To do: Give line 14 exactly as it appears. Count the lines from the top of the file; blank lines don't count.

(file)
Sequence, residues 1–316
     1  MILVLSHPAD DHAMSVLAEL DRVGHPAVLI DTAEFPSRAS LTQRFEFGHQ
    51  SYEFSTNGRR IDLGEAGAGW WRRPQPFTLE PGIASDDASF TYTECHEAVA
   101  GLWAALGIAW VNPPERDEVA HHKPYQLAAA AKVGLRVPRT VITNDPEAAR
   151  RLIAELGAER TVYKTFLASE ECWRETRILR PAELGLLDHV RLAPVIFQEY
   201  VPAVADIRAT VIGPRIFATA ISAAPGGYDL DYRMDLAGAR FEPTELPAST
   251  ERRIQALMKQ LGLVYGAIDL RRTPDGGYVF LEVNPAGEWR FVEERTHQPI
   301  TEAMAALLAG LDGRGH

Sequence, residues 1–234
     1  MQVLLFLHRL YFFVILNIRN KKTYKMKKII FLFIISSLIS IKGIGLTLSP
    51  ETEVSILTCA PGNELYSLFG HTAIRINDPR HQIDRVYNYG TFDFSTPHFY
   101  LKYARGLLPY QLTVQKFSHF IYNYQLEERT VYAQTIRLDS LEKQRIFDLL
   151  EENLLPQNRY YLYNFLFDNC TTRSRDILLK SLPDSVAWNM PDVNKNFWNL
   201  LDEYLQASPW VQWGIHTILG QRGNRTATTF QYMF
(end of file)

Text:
   201  LDEYLQASPW VQWGIHTILG QRGNRTATTF QYMF